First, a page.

If you had asked me to write this post ten years ago, I would have refused to do it since advising anyone to buy a new car would have been a huge disservice. Why buy new when that same car will cost a quarter less in a year and about half in four or five? However, since then, prices have skyrocketed (but so have incentives), people have largely caught on to both that trend and how generally undervalued used cars had been, and depreciation has slowed considerably as a result to the point that today, buying a new car makes sense in some, but still not all cases. But under no circumstances does it make sense to go in uninformed and let some car salesman hit a home run off of you. So let’s see what we can do about that. This is only one of many perspectives on the matter but it should at least give you a good start. The dealership model, much like that of credit cards, is set up to screw customers en masse. However, just as with credit cards, the rules of that exact same game can be turned around and exploited by a savvy customer as well. Let’s get you on your way to being one!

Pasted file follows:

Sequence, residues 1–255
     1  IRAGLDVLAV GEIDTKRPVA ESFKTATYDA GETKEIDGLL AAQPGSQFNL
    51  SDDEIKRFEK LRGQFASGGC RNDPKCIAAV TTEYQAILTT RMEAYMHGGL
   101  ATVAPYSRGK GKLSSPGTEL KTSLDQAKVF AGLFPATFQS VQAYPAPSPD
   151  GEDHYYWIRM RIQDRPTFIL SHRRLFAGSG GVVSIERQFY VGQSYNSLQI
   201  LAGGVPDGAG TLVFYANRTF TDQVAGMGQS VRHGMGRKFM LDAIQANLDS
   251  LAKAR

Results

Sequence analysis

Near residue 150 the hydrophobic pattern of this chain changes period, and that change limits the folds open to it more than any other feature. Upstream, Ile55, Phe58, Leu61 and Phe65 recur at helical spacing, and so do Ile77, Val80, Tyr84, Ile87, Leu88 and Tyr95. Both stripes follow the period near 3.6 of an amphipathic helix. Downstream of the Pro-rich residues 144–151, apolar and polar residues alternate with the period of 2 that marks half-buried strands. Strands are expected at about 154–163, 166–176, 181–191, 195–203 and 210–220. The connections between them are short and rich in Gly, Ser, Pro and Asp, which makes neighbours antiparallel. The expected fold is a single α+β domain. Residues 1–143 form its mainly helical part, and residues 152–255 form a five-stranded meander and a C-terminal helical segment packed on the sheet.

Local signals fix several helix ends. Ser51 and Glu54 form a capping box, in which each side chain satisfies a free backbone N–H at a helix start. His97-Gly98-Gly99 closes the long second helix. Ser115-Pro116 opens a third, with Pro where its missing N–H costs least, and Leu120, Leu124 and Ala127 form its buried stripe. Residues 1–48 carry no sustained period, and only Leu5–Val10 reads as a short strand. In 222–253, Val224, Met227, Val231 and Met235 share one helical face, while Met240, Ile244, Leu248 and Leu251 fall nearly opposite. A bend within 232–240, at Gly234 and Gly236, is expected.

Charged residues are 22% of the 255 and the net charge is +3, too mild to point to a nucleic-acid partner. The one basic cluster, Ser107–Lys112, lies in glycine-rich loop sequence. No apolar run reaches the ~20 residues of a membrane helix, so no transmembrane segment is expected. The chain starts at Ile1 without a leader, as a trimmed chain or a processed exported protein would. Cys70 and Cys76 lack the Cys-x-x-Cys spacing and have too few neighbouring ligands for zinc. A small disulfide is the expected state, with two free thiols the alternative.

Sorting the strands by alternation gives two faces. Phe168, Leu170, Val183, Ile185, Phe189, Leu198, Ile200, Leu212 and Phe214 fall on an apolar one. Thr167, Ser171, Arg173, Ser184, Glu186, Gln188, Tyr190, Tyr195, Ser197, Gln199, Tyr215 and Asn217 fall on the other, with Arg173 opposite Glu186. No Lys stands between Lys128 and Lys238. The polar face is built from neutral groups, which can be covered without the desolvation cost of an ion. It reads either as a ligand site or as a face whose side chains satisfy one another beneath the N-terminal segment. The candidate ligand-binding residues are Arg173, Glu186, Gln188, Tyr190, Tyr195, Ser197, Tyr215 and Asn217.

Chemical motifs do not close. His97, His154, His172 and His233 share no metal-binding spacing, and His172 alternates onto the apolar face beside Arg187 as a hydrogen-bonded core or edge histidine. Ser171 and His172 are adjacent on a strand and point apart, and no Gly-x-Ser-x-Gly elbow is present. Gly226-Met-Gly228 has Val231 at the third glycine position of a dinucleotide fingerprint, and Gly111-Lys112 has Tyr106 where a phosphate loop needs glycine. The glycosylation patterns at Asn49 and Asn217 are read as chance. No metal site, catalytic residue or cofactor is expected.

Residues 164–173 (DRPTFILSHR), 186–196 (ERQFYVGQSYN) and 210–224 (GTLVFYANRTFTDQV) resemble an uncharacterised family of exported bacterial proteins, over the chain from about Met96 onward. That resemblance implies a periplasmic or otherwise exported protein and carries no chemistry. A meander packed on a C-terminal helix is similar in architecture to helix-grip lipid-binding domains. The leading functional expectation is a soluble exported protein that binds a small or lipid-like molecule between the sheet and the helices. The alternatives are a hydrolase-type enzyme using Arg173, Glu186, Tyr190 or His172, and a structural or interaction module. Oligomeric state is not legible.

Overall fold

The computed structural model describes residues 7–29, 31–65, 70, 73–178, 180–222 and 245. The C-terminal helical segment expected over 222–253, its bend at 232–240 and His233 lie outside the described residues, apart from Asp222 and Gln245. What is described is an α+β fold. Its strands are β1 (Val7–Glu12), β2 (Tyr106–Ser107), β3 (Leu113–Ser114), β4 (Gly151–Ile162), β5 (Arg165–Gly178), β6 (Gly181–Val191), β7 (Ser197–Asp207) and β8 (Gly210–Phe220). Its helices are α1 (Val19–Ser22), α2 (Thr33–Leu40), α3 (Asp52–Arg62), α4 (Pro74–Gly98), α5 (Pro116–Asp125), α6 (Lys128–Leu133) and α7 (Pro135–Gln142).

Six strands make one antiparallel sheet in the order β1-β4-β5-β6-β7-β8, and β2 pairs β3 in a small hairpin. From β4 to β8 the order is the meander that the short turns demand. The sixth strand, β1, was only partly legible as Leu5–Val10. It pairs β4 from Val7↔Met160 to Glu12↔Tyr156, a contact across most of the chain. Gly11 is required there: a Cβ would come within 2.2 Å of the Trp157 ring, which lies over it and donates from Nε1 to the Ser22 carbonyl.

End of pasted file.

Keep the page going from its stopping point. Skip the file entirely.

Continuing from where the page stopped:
Much like in any sport, preparation is a huge part of winning. Don’t ever go to a dealership without having done your homework. How do you know if you’re ready? Before you ever step foot in a dealership, you should know all of the following things: which make and model you want, the differences between different model years if there are multiple new model years available (for example, today you could buy a 2020, a 2019, or a 2018 in certain cases) which options you want and don’t want, which packages you need to buy or avoid in order to accomplish that, what those packages cost, the average pricing (what people are actually paying) of any car you want, what your current car is worth, and what the terms of your financing approval are. Yes, that is a lot. It usually takes me a month or so, chipping away an hour or two at a time.